Horned Grebe - Podiceps auritus

Two weeks ago, I worked on preparing a Horned Grebe for the Field Museum collections. It had been found on the beach here in Chicago. No doubt it had been on its way north to breeding grounds in Canada, and up towards Alaska. It was in non-breeding plumage, meaning not what you see depicted here. It had a white breast and neck, and the rest of it was a dark, smokey brown. April through August, both male and female Horned Grebes acquire a much bolder, and warmer color palette. Grebes belong to the family Podicipedidae. They forage for food by diving, and build floating nests on marshy ponds. Their feet are lobed, and they have tiny, almost nonexistent tails.

*the grebe painting is now available in the Store.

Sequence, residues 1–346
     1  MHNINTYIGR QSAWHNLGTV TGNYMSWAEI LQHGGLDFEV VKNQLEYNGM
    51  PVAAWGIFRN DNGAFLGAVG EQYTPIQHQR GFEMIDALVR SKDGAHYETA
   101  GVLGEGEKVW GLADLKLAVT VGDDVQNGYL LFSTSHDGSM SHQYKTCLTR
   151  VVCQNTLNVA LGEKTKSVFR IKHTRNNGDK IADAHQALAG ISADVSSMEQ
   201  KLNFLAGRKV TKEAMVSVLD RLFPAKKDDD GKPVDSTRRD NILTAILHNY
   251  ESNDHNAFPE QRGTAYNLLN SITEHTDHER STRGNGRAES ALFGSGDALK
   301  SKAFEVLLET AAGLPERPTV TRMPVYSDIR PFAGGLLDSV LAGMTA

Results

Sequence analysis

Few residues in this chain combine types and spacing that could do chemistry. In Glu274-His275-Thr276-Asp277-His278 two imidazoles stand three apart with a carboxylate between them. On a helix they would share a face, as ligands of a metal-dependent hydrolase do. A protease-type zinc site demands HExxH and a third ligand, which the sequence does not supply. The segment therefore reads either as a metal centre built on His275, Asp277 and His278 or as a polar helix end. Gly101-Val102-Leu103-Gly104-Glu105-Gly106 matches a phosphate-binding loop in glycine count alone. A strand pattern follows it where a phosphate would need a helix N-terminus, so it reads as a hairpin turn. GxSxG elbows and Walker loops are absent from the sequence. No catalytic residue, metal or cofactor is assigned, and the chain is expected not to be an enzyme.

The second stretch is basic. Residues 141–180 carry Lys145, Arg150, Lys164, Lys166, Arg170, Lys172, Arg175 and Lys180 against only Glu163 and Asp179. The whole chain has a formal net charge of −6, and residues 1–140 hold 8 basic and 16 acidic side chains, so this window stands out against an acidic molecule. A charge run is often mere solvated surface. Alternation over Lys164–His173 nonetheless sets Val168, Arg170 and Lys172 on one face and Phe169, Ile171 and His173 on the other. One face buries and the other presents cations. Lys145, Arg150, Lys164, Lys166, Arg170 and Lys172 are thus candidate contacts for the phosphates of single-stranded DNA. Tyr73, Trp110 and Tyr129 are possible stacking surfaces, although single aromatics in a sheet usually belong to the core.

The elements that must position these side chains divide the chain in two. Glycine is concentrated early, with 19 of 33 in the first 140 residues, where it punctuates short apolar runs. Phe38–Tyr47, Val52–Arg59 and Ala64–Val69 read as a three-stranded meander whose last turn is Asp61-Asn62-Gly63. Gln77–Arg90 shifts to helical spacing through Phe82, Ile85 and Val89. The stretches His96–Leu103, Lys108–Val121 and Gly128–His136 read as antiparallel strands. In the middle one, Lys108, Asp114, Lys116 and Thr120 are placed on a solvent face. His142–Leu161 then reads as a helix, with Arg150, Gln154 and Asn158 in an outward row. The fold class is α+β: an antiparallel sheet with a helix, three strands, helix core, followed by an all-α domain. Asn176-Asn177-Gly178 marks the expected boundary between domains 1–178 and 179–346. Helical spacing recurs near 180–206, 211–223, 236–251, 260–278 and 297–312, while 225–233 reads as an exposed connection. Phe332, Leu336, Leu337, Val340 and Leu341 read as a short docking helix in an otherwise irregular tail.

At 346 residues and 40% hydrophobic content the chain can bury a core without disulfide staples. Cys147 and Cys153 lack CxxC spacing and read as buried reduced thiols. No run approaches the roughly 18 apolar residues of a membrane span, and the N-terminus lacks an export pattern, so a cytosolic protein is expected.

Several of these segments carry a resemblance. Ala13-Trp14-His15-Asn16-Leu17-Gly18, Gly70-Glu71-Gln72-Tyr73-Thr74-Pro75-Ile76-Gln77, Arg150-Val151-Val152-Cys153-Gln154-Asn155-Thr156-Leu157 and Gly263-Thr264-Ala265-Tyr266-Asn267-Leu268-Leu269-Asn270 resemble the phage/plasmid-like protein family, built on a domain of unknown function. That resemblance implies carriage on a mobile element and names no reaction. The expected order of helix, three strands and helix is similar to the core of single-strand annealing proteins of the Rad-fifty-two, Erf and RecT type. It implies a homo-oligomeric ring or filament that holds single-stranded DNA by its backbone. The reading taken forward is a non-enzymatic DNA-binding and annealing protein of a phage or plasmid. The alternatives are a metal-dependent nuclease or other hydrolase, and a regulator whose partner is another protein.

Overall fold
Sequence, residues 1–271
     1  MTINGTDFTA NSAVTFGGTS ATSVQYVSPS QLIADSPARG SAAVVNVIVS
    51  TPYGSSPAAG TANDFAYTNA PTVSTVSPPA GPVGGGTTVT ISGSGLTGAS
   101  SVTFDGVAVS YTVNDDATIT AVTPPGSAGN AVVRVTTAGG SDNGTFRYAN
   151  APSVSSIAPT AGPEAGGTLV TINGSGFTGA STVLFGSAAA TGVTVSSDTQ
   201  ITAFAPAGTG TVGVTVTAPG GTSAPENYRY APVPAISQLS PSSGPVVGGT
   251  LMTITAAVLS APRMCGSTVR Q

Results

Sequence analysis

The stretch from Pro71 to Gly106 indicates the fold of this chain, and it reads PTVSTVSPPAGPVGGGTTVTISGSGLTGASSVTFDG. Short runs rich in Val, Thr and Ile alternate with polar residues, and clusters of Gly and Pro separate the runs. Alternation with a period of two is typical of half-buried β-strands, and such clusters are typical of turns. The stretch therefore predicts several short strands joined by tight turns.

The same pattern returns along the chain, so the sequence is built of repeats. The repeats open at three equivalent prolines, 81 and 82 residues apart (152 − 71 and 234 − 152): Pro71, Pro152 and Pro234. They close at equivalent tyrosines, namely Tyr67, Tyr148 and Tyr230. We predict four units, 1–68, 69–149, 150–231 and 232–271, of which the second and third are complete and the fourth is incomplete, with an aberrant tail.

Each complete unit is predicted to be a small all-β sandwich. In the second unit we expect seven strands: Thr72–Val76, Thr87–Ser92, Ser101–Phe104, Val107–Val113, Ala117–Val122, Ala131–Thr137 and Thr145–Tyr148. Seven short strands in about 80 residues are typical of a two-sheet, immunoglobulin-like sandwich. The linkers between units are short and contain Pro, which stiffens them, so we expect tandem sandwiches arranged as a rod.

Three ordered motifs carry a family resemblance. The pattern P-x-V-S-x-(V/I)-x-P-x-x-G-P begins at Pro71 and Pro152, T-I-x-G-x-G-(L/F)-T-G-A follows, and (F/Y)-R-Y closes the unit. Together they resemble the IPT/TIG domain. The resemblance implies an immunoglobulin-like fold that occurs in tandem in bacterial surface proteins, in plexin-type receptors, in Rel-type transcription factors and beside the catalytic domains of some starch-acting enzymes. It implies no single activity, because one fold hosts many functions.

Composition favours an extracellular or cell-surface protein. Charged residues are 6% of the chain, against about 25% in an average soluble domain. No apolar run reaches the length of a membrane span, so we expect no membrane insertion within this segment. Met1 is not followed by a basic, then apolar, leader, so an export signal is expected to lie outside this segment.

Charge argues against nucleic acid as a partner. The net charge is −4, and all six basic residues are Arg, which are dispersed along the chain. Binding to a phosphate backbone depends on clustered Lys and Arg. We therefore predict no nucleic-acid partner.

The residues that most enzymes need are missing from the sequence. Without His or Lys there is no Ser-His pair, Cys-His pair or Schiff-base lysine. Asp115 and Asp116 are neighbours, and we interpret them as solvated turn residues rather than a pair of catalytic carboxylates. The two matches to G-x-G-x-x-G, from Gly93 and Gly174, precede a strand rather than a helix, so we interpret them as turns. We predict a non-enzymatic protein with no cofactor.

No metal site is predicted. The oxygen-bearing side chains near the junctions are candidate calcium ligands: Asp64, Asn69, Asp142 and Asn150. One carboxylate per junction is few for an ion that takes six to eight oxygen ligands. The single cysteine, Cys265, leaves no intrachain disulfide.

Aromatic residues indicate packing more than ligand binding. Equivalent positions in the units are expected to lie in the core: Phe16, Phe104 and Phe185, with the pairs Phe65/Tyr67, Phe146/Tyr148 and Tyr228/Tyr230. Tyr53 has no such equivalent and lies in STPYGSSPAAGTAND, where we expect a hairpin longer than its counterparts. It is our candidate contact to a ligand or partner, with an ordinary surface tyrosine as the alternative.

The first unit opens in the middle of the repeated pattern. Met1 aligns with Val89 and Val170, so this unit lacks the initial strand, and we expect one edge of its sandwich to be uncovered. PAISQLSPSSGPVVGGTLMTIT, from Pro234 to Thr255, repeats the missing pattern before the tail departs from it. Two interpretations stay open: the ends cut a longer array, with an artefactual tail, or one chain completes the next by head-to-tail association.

1. Talk of this bird in mating plumage reminds me of something John and I saw at the Botanic Gardens a couple weeks ago that I've been meaning to ask you about.

    Two swans (both stark white) were swimming around in the little brook near the main building. One mounted the other, and of course thought, oh spring -- look at the lovers.

    But the dominant swan kept pushing the mounted swan's head into the water, and holding it there, as part of this ritual.

    We had to wonder: sex? fighting? both acts together?

    Any insights you might pass along?

    Thanks, lady!

  2. (just to correct the typo in the 2nd paragraph above: *We* thought . . . not the mounting swan thought) :-)

  3. Your work is beautiful! Such a wonderful talent! Really lovely work, lovely blog

  4. Thank you for the kind words!

    And Christy, I got you covered via the email ; )

  5. How neat that would be to see in the real thing. Thanks for sharing your lovely picture.


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